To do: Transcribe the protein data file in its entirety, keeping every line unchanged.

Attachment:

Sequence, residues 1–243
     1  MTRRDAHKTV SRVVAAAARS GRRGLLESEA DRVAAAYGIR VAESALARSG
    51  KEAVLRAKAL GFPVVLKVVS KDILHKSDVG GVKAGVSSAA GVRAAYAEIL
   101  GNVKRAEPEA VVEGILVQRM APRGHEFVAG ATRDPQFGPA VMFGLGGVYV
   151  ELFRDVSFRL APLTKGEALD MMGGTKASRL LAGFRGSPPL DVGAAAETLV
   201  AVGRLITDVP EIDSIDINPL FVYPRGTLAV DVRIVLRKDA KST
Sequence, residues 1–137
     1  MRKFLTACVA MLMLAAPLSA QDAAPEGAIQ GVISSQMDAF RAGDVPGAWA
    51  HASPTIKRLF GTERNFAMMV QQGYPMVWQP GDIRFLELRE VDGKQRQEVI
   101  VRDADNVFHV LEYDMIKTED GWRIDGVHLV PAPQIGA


Sequence, residues 1–243
     1  MTRRDAHKTV SRVVAAAARS GRRGLLESEA DRVAAAYGIR VAESALARSG
    51  KEAVLRAKAL GFPVVLKVVS KDILHKSDVG GVKAGVSSAA GVRAAYAEIL
   101  GNVKRAEPEA VVEGILVQRM APRGHEFVAG ATRDPQFGPA VMFGLGGVYV
   151  ELFRDVSFRL APLTKGEALD MMGGTKASRL LAGFRGSPPL DVGAAAETLV
   201  AVGRLITDVP EIDSIDINPL FVYPRGTLAV DVRIVLRKDA KST
Sequence, residues 1–137
     1  MRKFLTACVA MLMLAAPLSA QDAAPEGAIQ GVISSQMDAF RAGDVPGAWA
    51  HASPTIKRLF GTERNFAMMV QQGYPMVWQP GDIRFLELRE VDGKQRQEVI
   101  VRDADNVFHV LEYDMIKTED GWRIDGVHLV PAPQIGA